This blog is a judgment-free zone – so if you took a major whack from the Google Penguin update because of bad link practices or over-optimizing, it’s OK to admit it. A lot of others did, too.
When Google caught on to link farms, “overseas SEO companies” and keyword stuffing on websites, anyone engaging in these types of black hat strategies was punished. First, there was Panda, which focused on “reducing the rankings of low-quality content.” Then came the next animal-themed algorithm, which used link quality to gauge the credibility of web pages. Penguin, the latter, link-focused algorithm, may be the cause if your traffic take a nose dive around late April 2012, when Google launched the ranking signal. It might also be behind SEO flops in May and/or October when the company updated its Penguin algorithm. Although iterations have changed the formula slightly throughout the year, a simple point is clear – a strong, above board linking structure will be rewarded, while past indiscretions and current mistakes will be met with indifference, or even punishment.
So what now? How do you recover from being downgraded by Penguin, or fixing your current linking structure? Here are a few simple steps to set you on the road to recovery:
So you think something may be wrong – you’ve seen a drop in sales over the past two quarters and your website traffic has taken a significant hit. Maybe your website isn’t showing up in Google results for some of the keyword searches you used to dominate. You think it may be due to this Penguin update everyone is talking about, but how can you be sure?
First, dive into your Google Analytics and poke around. Set the dates from sometime in March 2012 to sometime in June 2012. Did you see a considerable decline in traffic and conversions? That is most likely due to the Google Penguin update that first went live in April of this year. Penguin 1.1 rolled out in mid-May, so you could see a decrease there, as well. Also, measure September through November in your Google Analytics. If organic search traffic dipped around October 5, you might have been hit by the third Penguin update.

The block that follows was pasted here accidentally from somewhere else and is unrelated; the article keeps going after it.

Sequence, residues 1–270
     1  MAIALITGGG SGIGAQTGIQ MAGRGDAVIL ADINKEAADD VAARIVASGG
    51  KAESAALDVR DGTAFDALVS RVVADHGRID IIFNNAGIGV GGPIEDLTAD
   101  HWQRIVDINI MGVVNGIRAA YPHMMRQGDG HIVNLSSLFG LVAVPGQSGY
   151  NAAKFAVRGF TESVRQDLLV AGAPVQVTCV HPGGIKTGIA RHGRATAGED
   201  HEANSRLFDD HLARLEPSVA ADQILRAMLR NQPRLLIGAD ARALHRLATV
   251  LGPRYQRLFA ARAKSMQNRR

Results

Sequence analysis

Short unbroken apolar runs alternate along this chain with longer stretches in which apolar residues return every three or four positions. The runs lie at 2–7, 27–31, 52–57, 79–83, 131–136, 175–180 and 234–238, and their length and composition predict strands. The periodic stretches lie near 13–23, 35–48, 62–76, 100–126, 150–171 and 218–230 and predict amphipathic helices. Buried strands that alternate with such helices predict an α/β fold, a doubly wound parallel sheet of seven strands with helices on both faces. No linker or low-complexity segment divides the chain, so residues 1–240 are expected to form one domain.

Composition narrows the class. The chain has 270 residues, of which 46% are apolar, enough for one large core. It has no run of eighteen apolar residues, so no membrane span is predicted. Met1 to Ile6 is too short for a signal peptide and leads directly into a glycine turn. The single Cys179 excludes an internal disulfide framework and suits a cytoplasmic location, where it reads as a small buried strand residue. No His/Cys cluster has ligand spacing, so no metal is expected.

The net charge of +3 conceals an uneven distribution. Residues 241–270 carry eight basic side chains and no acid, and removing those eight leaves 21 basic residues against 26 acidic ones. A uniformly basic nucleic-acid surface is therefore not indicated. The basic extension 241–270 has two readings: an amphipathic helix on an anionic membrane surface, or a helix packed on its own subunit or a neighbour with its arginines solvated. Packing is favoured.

After you view the traffic overview, migrate to the organic search area. Are you seeing a drop in organic searches as a traffic source? Are your main keyword referrals plummeting, too? This is a strong indication of a penalty.
Finally, hop into your Google Webmaster Tools account. Verify that you did not receive a huge penalty here for something else (404 errors, 500 errors, HTML improvements et al.). Look at the search query data and verify whether your site’s PageRank has dropped significantly since the expected penalty took place.
Review the new Google Webmaster Guidelines before you make any changes – everything you do should be within the expectations of these rules.
2. Clean up your on-site and off-site links
When Penguin hits, its essential to review your link portfolio. Start with external links pointing to your site.
If you had an overseas team or even a domestic SEO department submitting your site URL to various directories or link farms, have that team remove those random links immediately, and consider cancelling this type of service. URL submissions to link farms or other below-board sites are not noticed by Google (at best) and heavily penalized (at worst). Ditch these links as soon as possible or request their removal from webmasters. A friendly, cordial note requesting they be removed is a good first try. If that fails, a cease and desist or stronger lawful action may be necessary.
You may also notice through Google Webmaster Tools that you have hundreds of other websites linking to yours. Download this table and analyze the referring sites. They should be coming from legitimate websites with ties to your industry. At the very least, these should be coming from real websites written and owned by real people, not robots or dummy pages specifically created for linking. Look out for spammy sites – especially any that send a high volume of links to your site – and repeat the process of reaching out to webmasters to request they remove links to your site if and as necessary.